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US spies expect Putin to ‘double down’ on Ukraine war

The intelligence agencies also expect Russia to struggle to subdue and control the Ukrainian people

Director of National Intelligence Avril Haines testifying before the House Intelligence Committee last year.
Director of National Intelligence Avril Haines testifying before the House Intelligence Committee last year. (Tom Williams/CQ Roll Call)

The leaders of America’s intelligence agencies testified Tuesday that Russian President Vladimir Putin may intensify his military attack on Ukraine in the coming weeks but he faces the prospect of a long-running insurgency there. 

The officials said Putin badly overestimated both his ability to subdue Ukraine by force and the strength of the world’s reaction. His response going forward is likely to be a redoubling of his military offensive and more casualties, they told the House Intelligence Committee.

The officials also said Putin’s nuclear threats against the United States and NATO should be taken seriously and would increase if Russian and NATO forces entered direct conflict.

The hearing was called to review the 2022 version of the intelligence agencies’ joint assessment of worldwide threats. But, as Michael R. Turner of Ohio, the panel’s top Republican, said, “Vladimir Putin has cast a long shadow over this hearing.”

California Democrat Adam B. Schiff, the panel’s chairman, called the Russian invasion of Ukraine “the largest military conflict in Europe since World War II.”

‘Ugly next few weeks’

Avril Haines, the director of national intelligence, said it is not yet clear that Putin will pursue what she called “a maximalist plan to capture all or most of Ukraine.”

But, she said, if Putin does press on with that plan, “we judge it will be especially challenging for the Russians to hold and control Ukrainian territory and install a sustainable pro-Russian regime in Kyiv in the face of what we assess is likely to be a persistent and significant insurgency.”

Haines added that what Putin might consider victory could change if he perceives the costs as outweighing the benefits.

CIA Director William Burns, meanwhile, testified that Putin “is determined to dominate and control Ukraine to shape its orientation. This is a matter of deep personal conviction for him. He’s been stewing in a combustible combination of grievance and ambition for years.”

Burns, like Haines, said Putin is unlikely to effectively control Ukraine.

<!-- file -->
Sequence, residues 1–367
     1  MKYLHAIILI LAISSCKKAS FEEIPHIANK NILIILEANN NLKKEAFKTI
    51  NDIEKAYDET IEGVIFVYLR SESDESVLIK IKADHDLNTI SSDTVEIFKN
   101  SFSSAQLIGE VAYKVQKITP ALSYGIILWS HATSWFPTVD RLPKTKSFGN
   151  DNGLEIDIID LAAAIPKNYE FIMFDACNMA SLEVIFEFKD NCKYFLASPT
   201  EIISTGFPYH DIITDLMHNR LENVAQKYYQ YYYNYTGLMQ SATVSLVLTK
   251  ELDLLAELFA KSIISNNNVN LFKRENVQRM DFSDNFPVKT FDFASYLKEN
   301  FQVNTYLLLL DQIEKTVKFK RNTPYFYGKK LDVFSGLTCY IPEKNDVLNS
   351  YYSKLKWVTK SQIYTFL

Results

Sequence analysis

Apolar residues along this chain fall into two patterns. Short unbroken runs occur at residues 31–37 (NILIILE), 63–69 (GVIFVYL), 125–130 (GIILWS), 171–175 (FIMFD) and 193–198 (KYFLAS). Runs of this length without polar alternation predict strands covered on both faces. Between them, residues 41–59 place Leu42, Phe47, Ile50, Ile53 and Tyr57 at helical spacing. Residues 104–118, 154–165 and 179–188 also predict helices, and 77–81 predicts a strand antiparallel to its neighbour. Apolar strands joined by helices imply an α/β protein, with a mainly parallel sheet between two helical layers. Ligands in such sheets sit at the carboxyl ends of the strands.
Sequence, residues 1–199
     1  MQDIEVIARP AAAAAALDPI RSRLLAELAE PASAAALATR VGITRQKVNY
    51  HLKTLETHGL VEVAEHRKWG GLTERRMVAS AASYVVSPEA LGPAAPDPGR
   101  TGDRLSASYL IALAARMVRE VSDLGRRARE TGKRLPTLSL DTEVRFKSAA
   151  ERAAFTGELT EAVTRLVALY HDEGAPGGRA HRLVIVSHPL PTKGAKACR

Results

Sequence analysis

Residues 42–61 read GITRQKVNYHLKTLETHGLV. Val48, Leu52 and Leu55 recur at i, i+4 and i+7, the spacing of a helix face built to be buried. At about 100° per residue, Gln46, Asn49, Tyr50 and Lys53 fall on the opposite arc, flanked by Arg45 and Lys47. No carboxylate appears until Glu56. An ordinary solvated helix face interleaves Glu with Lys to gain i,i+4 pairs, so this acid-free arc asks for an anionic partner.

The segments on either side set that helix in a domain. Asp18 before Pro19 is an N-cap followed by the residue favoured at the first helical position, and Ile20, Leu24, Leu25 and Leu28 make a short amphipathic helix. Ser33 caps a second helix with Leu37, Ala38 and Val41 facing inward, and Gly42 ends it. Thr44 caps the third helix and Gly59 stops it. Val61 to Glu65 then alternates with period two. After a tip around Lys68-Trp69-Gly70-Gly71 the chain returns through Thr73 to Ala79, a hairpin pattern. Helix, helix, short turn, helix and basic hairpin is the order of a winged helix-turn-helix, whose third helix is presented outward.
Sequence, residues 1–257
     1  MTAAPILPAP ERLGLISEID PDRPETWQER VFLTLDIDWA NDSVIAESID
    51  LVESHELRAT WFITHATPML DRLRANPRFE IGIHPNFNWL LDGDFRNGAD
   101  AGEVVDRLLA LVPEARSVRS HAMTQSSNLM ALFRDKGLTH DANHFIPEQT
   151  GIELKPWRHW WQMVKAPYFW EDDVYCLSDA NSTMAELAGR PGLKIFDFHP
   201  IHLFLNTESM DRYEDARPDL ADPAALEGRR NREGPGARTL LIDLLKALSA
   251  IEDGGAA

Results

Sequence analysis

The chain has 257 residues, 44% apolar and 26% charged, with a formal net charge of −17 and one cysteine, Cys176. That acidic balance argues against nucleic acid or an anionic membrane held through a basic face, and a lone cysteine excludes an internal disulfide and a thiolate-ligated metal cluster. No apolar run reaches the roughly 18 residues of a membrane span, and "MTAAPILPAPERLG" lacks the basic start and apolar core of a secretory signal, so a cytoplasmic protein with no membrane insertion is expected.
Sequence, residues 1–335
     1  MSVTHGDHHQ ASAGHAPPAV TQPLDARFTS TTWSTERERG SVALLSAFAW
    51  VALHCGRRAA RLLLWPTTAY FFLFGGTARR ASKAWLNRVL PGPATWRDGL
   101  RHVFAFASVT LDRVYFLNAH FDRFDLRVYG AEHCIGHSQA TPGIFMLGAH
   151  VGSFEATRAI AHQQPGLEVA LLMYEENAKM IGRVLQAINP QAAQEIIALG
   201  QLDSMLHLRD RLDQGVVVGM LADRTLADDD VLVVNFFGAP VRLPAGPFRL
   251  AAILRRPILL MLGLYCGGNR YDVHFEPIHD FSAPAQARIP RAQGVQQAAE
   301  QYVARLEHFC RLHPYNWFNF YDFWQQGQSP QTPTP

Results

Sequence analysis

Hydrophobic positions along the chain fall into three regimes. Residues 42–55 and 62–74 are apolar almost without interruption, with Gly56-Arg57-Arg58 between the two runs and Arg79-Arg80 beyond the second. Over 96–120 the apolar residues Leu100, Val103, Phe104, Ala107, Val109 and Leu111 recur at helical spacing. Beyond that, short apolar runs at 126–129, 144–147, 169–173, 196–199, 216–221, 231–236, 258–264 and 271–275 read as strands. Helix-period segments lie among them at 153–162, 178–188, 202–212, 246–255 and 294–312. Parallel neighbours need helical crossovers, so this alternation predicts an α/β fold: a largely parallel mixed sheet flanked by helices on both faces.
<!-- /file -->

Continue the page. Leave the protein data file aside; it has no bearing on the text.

“I fail to see, and our analysts fail to see, how he could sustain a puppet regime or pro-Russian leadership that he tries to install in the face of what is a massive opposition from Ukrainian people,” Burns said. “Where that leads, I think, is for an ugly next few weeks, in which he doubles down, as I said before, with scant regard for civilian casualties, in which urban fighting gets even uglier.”

Nuclear risks

The intelligence leaders also addressed Putin’s recent suggestion that any nation interfering in his attack could face nuclear retaliation. 

Haines said U.S. officials have not seen any system-wide changes in the readiness status of Russia’s nuclear forces. But she and the other witnesses said the threats should be taken seriously, particularly in light of Russia’s “escalate to de-escalate” doctrine, which holds that nuclear weapons can be used in a conventional war to cow an adversary, and its large stockpile of nuclear weapons with lower explosive yields than most such weapons possess.

“Russian doctrine holds that you escalate to de-escalate,” Burns said. “And so I think the risk would rise according to that doctrine of, in extremis, the Russian leadership considering the use of tactical nuclear weapons.” That would only be the case if Russian and NATO forces were in combat, he said.

Haines said the risks of misperceptions leading to nuclear exchange must be carefully watched.

“With tensions this high there is always an enhanced potential for miscalculation, unintended escalation, which we hope our intelligence can help to mitigate,” she said.

The officials said the war in Ukraine has led to thousands of casualties. In the Russian military alone, between 2,000 and 4,000 personnel have been killed, said Army Lt. Gen. Scott Berrier, director of the Defense Intelligence Agency.

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